| Tomsk State University, Tomsk Polytechnic University, Tomsk State University of Control Systems and Radio-electronics, Siberian State Medical University, Tomsk State University of Architecture and Building|
Tomsk (Russian: ; ) is a city and the administrative center of Tomsk Oblast, Russia, located on the Tom River. One of the oldest towns in Siberia, Tomsk celebrated its 400th anniversary in 2004. Population: 524,669?(2010 Census); 487,838?(2002 Census); 501,963?(1989 Census).
Tomsk was established under a decree from Tsar Boris Godunov in 1604 after Toyan, the Tatar duke of Eushta, asked for the Tsars protection against Kirghiz bandits. The Tsar sent 200 Cossacks under the command of Vasily Tyrkov and Gavriil Pisemsky to construct a fortress on the bank of the Tom River, overlooking what would become the city of Tomsk. Toyan ceded the land for the fortress to the Tsar.
In 1804, the government selected Tomsk to become the seat of the new Tomsk Governorate, which would include the modern cities of Novosibirsk, Kemerovo, and Krasnoyarsk, as well as the territories which are now in Eastern Kazakhstan. The new status brought development and the city grew quickly.
The discovery of gold in 1830 brought further development to Tomsk in the 19th century; however, when the Trans-Siberian Railway bypassed the city in favor of the village of Novonikolayevsk (now Novosibirsk), development began to move south to connect with the railway. In time, Novosibirsk would surpass Tomsk in importance.
In the mid-19th century, one fifth of the citys residents were exiles. However, within a few years, the city would be reinvented as the educational center of Siberia with the establishment of Tomsk State University and Tomsk Polytechnic University. By World War II, every twelfth resident of the city was a student, giving rise to the citys informal name - Siberian Athens.
After the October Revolution of 1917, the city was a notable center of the White movement, led by Anatoly Pepelyayev and Maria Bochkareva, among others. After the victory of the Red Army, Tomsk was incorporated into West Siberian Krai and later into Novosibirsk Oblast.
As in many Siberian cities, Tomsk became the new home for many factories relocated out of the warzone at the beginning of the World War II. The resulting growth of the city led the Soviet government to establish the new Tomsk Oblast, with Tomsk serving as the administrative center.
During the Cold war Tomsk was one of many places to be designated a closed city, to which outsiders and, in particular, foreigners, were denied access. In 1949 matters were taken a stage further when a secret city, known as "Tomsk-7" (or sometimes simply as "Postbox 5") was founded 15 kilometres (9 miles) from Tomsk, and the new settlement became the home of the Tomsk Nuclear Plant (subsequently renamed Sibirskaya Nuclear Power Plant), the countrys first industrial scale nuclear power station. Tomsk-7 received municipal status in 1956 and was renamed Seversk in 1992.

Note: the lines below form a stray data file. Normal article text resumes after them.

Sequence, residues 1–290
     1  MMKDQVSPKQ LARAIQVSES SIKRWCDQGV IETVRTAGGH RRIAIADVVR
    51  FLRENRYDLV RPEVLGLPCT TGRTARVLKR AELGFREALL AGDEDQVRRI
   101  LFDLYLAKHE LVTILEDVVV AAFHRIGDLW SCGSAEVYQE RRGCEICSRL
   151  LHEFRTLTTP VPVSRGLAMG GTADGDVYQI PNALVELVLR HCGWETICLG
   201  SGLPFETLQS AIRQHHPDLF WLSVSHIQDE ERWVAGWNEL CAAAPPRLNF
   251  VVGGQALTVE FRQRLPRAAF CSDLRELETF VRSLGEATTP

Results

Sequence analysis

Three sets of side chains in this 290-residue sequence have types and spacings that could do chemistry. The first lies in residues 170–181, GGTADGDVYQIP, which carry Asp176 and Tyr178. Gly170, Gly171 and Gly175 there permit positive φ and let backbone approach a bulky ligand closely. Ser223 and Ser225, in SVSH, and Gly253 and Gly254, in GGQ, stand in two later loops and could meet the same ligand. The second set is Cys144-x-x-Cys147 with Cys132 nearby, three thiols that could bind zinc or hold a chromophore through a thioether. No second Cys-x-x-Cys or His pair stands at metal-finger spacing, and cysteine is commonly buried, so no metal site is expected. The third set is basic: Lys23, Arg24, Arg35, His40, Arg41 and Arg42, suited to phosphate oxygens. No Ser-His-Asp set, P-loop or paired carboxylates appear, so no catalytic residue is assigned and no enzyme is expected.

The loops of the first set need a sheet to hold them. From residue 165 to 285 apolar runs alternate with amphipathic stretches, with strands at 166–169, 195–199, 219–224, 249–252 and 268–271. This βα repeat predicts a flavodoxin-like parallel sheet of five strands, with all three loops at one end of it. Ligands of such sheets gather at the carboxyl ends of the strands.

Tomsk has the oldest electrical grid in Siberia. There are three powerstations in the city:
Tomsk has many local cultural institutions including several drama theaters as well as a childrens theater and a puppet theater. Major concert venues in the city include the Conservatory Concert hall and the Tomsk Palace of Sport. The city also boasts cultural centers dedicated to German, Polish and Tatar languages and culture.
One of the citys prominent theaters was destroyed in an act of terrorism in 1905. The Korolevsky Theater (built in 1884–85) was being used by a group of communist revolutionaries when the theater was attacked and set on fire by members of the Black Hundred, a hard-line nationalist organization. Those who escaped the flames were gunned down by Black Hundred members waiting outside the theater. Estimates put the number of casualties between 200 and 1000.
There are a number of museums in Tomsk devoted to various subjects, most notably art, local history and wood carving. There is also a Museum of Oppression, housed in a former KGB dungeon. Tomsk State University has a number of small museums with exhibits on archaeology, paleontology, zoology, as well as a herbarium and a botanical garden
As in many other cities in the former Soviet Union, the revolutionary government destroyed a number of old churches in the city including two that had existed since the 17th century. However, Tomsk managed to save some of its churches by transforming them into machine shops, warehouses, archives, and even residential buildings. Since the end of the communist era some of the churches have been renovated and returned to their congregations.
Tomsk is well known for its intricate "gingerbread" decoration of traditional wooden houses in the area. However, the number of old homes in this style is decreasing due to redevelopment or some of them catching fire, as the structures have little to no fire protection.
Trud (Labor) Stadium, in central Tomsk is the base for matches with the FC Tom Tomsk, the citys professional soccer club. The teams 2004 promotion to the Russian Premier League gave local fans a chance to see some of the nations best teams play at the citys own stadium.
Tomsk has many local media outlets including the TV2 television station, the radio stations Radio Siberia and Echo of Moscow in Tomsk along with several newspapers (Tomskii Vestnik, Tomskaya Nedelya, Krasnoye Znamya and Vechernii Tomsk).
In April 2006 Tomsk received international media attention as the venue of a major summit on economic cooperation, held in the city between Russian President Vladimir Putin and German Chancellor Angela Merkel.
Tomsk was the name given by childrens author Elizabeth Beresford to one of her fictional characters The Wombles, all of whom are named after places.